Love letters between the Rosenbergs. The Rolling Stones' terrifying introduction to the American blues culture. In defense of the robber barons. This is the top of the reading this week.
Julius and Ethel Rosenberg communicated via letters during their three-year death-house incarceration in Ossining, N.Y., while awaiting their execution in the electric chair in 1953 for passing atomic secrets to the Russians.
In a review of Michael Meeropol's "The Rosenberg Letters: A Complete Edition of the Prison Correspondence of Julius and Ethel Rosenberg" in the February/March Boston Review, David Thorburn reveals the dimension of the tragedy in an intriguing way. (Mr. Meeropol is the older of the couple's two sons.)
Mr. Thorburn finds in the book the humanity of Mr. Meeropol's parents, the crucial context that was lacking in a previous, politicized, badly edited and truncated version of some of the letters. Excised from the original but restored in Mr. Meeropol's collection are the Rosenbergs' evocative discussion of their sons; their comments on books, songs and radio programs; repartee about their shared passion for baseball and the sustenance they find in their Jewish heritage; and, perhaps most important, their longing for each other.
Mr. Thorburn writes that this new edition effectively renders obsolete the "Death House Letters of Ethel and Julius Rosenberg," rushed into publication in the month of their execution. That edition has until now misleadingly if not erroneously served as "the primary source for all versions of the Rosenberg mythology," Mr. Thorburn writes.
When Wells met Stones
Founding editor Jim O'Neal's encyclopedic two-day 1994 interview with blues legend Junior Wells appears in this month's Living Blues, the bimonthly magazine of the African-American blues tradition published by the Center for the Study of Southern Culture at the University of Mississippi.
It's not only a hymn to Mr. Wells but also a vivid characterization of the major blues interpreters against the backdrop of their often gritty surroundings in the culture.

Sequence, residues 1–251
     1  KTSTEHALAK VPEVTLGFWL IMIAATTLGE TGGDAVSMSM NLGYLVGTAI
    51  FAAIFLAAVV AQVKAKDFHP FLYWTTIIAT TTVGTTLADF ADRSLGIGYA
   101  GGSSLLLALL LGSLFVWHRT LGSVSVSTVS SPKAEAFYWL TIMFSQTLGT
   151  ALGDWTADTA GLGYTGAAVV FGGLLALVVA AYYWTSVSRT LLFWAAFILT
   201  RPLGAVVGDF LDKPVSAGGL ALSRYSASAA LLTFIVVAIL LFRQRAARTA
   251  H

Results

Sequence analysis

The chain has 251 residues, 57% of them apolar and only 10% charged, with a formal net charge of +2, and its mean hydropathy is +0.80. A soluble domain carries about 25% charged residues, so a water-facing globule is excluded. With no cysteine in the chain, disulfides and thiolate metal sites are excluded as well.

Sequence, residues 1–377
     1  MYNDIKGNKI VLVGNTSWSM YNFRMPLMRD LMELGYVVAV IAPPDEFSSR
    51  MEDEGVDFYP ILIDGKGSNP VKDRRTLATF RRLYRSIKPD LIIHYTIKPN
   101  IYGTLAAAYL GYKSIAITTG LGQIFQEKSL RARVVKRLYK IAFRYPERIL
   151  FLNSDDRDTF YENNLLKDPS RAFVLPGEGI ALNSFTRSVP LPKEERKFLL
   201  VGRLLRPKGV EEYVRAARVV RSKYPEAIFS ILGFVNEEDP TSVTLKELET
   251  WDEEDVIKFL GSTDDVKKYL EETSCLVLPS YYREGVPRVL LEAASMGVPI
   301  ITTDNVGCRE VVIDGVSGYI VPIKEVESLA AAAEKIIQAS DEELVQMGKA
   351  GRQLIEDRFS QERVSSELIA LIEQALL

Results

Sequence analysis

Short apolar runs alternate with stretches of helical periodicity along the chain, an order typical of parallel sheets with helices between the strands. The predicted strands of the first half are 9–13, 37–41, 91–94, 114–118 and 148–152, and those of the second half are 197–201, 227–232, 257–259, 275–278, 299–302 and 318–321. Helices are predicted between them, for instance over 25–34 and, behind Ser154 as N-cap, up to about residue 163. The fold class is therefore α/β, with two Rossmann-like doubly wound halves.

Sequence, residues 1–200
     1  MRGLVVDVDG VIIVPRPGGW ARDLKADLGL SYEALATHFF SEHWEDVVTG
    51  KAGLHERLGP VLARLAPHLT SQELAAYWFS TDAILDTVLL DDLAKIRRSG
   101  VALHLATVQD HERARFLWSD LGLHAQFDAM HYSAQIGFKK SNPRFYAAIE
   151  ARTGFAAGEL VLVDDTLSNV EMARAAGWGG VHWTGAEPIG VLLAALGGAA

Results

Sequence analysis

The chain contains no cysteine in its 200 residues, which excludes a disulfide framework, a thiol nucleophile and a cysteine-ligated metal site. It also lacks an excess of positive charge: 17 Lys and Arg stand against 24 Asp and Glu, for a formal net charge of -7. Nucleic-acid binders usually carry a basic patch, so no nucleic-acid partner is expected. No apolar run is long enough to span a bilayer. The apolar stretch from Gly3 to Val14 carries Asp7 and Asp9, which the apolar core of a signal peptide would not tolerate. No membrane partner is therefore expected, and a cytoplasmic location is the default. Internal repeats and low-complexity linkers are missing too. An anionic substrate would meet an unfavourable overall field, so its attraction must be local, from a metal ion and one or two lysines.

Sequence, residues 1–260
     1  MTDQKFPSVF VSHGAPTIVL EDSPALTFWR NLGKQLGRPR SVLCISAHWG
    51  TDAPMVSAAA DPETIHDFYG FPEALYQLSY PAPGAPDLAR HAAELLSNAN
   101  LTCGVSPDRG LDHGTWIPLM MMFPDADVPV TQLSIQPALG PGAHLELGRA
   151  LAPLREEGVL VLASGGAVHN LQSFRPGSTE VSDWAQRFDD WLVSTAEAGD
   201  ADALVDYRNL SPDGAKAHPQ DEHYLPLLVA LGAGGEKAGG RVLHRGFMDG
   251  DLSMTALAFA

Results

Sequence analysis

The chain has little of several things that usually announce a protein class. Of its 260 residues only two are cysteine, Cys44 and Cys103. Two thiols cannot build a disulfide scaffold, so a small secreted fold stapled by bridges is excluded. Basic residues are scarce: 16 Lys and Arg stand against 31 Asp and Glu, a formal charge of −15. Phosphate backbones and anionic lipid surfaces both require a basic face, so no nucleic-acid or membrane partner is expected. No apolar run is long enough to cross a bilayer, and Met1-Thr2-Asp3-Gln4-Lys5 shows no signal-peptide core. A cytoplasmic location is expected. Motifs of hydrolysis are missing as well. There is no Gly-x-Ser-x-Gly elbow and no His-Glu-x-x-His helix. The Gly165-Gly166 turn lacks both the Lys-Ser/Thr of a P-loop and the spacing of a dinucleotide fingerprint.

You can note here the happenings called "Blue Monday parties" and a description of a juke joint called Crossroads that straddled the Missouri/Arkansas border. If the police came in looking for someone who was on one state's side of the floor, the fugitive would simply cross the floor to the neighboring state.
The story traces Mr. Wells' flight from his father's sharecropper destiny out of West Memphis, Ark., to the bus that would take him to Chicago and his ultimate liberation and realization of his gifts.
Mr. Wells also talks about the judge who paid a dollar for him to the store proprietor who'd unjustly accused him of stealing a harmonica. And about his philosophical disagreement with Martin Luther King Jr. ("Yeah, I'm non-violent. But I am violent if somebody hits me.")
Still, the highlight may be Mr. Wells' first meeting with the Rolling Stones. He finds them cowering against a wall in a Chess Records recording studio while performers Sonny Boy and Little Walter are cursing and pulling their knives on each other in front of them. Leonard Chess, owner of the label, has beseeched Mr. Wells and friend Buddy Guy to break up the fight, and they do. Then they reassure the terrified British visitors that this is how Sonny Boy and Little Walter -- and even Mr. Wells and Mr. Guy -- "play" with each other between takes.
Entrepreneurs, not robbers
Maury Klein's "The Robber Barons' Bum Rap" in the winter issue of City Journal, the slick magazine published by the conservative Manhattan Institute, is not only timely and provocative but fun to read.
He defends Cornelius Vanderbilt, Jay Gould, John D. Rockefeller, Andrew Carnegie, J. P. Morgan, James Stillman (who helped Morgan) and E. H. Harriman, among others.
Mr. Klein argues that the robber barons were entrepreneurs who came to dominate an undefined and wide-open economic playing field the way the Founding Fathers did with the political system.
"The best of them exemplified virtues long treasured by Americans: vision, energy, perseverance, hard work, and character," writes Mr. Klein. "Even though most started near the top, enough outsiders, like Gould, Carnegie and Vanderbilt, climbed the slippery ladder of success to preserve the American dream that anyone could do so."